The Climate Explorer
Stations
- Average Daily Maximum Temp (°F)
Average Daily Maximum Temp (°F)
    Temperature
  • Average Daily Maximum Temp (°F)
  • Average Daily Minimum Temp (°F)
  • Days w/ maximum temp > 50°F
  • Days w/ maximum temp > 60°F
  • Days w/ maximum temp > 70°F
  • Days w/ maximum temp > 80°F
  • Days w/ maximum temp > 90°F
  • Days w/ maximum temp > 95°F
  • Days w/ maximum temp > 100°F
  • Days w/ maximum temp > 105°F
  • Days w/ maximum temp < 32°F
  • Days w/ maximum temp < 50°F
  • Days w/ maximum temp < 65°F
  • Days w/ minimum temp < 32°F
  • Days w/ minimum temp < -40°F
  • Days w/ minimum temp > 60°F
  • Days w/ minimum temp < 65°F
  • Days w/ minimum temp > 75°F
  • Days w/ minimum temp > 80°F
  • Days w/ minimum temp > 90°F
  • Precipitation
  • Total precipitation
  • Dry Days
  • Days w/ > 0.25 in Precipitation
  • Days w/ > 1" Precipitation
  • Days w/ > 2" Precipitation
  • Days w/ > 3" Precipitation
  • Days w/ > 4" Precipitation
  • Days w/ > 5" Precipitation
  • Other
  • Heating Degree Days
  • Cooling Degree Days
  • Growing Degree Days
  • Modified Growing Degree Days
  • Thawing Degree Days
  • Freezing Degree Days
Graph
Map
Chart
  • Map
Annual
Monthly
Annual
  • Annual
  • Monthly
About How to read How to read About
Observations
Modeled History
Lower Emissions
Higher Emissions
2010-2040 average
2035-2065 average
2060-2090 average

TIPS FOR UNDERSTANDING THE CLIMATE GRAPHS

Observations
historical observations example graph
Click the Observations legend button just below the graph to toggle observations on and off in the graph. For annual variables, dark gray bars show observed averages for each year from 1950-2013.

The horizontal line from which the bars extend up or down is the average from 1961-1990.Years when bars extend above the line were higher than the long-term average; years with bars that extend below the line were lower than average.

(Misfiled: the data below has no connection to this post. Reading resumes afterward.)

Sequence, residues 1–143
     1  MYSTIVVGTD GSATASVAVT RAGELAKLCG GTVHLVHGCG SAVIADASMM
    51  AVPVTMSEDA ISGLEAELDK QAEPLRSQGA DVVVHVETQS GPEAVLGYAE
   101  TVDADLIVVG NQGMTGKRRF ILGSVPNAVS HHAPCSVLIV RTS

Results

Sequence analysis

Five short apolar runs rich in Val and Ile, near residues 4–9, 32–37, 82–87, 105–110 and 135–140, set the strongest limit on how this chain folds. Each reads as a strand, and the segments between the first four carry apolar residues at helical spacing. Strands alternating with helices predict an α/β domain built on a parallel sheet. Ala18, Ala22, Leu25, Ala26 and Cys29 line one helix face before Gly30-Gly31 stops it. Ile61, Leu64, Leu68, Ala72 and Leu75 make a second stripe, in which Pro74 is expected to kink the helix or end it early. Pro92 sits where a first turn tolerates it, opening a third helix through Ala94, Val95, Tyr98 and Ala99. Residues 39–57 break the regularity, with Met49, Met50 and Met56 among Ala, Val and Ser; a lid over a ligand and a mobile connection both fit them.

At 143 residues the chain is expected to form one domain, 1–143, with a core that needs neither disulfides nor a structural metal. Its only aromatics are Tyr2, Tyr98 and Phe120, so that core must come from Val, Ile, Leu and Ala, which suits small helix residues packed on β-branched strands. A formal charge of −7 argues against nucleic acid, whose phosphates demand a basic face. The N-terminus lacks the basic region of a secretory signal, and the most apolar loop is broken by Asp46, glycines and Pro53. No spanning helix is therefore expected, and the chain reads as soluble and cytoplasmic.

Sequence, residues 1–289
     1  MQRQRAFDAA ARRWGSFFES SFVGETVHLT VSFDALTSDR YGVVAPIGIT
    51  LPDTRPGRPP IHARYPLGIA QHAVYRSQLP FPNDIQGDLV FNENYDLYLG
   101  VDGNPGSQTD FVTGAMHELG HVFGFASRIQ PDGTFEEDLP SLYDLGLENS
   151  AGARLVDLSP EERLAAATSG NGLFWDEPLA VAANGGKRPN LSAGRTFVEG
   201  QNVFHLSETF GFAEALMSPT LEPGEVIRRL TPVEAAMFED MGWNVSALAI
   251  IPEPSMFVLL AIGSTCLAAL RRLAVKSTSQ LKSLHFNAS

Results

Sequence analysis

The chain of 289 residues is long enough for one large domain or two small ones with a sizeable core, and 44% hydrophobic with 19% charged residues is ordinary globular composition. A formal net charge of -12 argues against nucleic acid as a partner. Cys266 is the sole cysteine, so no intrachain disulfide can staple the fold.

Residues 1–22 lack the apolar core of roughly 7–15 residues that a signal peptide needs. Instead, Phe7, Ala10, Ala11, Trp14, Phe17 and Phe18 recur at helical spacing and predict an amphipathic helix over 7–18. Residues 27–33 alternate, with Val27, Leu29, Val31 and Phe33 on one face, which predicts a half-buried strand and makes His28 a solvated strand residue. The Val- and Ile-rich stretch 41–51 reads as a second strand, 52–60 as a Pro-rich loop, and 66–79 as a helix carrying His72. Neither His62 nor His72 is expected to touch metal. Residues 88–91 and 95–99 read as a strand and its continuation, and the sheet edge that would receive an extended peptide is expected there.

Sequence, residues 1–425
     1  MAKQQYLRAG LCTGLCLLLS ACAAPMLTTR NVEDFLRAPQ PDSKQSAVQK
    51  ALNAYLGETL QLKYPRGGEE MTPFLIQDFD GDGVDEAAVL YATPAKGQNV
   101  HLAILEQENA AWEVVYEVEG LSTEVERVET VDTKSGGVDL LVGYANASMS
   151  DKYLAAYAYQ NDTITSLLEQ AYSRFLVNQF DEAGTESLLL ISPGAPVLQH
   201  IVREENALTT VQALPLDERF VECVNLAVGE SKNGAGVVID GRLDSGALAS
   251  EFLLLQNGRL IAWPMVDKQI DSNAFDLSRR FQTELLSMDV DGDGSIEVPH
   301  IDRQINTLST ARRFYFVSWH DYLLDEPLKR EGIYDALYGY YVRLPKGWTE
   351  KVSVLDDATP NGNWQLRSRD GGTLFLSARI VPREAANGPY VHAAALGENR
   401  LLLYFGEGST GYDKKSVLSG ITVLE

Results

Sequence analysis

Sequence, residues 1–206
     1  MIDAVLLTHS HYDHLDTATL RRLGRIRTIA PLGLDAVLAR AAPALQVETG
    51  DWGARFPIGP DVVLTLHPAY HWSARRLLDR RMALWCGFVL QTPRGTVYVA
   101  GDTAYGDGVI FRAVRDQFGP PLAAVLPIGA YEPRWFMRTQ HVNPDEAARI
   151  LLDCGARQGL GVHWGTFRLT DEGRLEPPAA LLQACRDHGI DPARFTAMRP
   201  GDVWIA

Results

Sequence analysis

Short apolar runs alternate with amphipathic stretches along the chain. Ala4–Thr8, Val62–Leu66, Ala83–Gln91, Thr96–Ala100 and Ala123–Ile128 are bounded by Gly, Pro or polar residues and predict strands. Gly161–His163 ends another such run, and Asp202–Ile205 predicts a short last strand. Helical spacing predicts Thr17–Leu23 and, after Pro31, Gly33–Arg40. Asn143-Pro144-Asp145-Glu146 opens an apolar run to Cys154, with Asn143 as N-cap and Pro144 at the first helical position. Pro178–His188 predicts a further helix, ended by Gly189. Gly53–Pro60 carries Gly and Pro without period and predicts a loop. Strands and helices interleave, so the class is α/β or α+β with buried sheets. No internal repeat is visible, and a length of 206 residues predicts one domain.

For monthly variables, observed averages for each month are shown by a black line.
Modeled History
historical example graph
The gray band shows the range of values modeled (hindcast) for 1950–2005. The top edge of the band represents the maximum value modeled at each time step; the bottom edge of the band represents the minimum. All other model results are within the shaded portion.
Lower Emissions
lower emissions example graph
The blue band shows projections for 2006–2100 based on a future in which humans stop increasing global emissions of heat-trapping gases by 2040 and then dramatically reduce them through 2100.

The top edge of the band represents the maximum value modeled at each time step; the bottom edge of the band represents the minimum. All other model results are within the shaded band. The darker blue line shows the weighted mean of projections for lower emissions.
Higher Emissions
higher emissions example graph
The red band shows projections for 2006–2100 based on a future in which global emissions of heat-trapping gases continue increasing through 2100. The top edge of the band represents the maximum value modeled at each time step; the bottom edge of the band represents the minimum. All other model results are within the shaded band. The red line shows the weighted mean of all projections for higher emissions.

Why do the graphs show wide bands rather than single lines?

example graphs

On the left, each single red or blue line shows projections from a single global climate model for one of two possible futures. Lines in shades of red are projections for higher emissions and lines in shades of blue are for lower emissions. On the right, the example from Climate Explorer uses single bands of red and blue shading to show the full range of model results for the same two possible futures.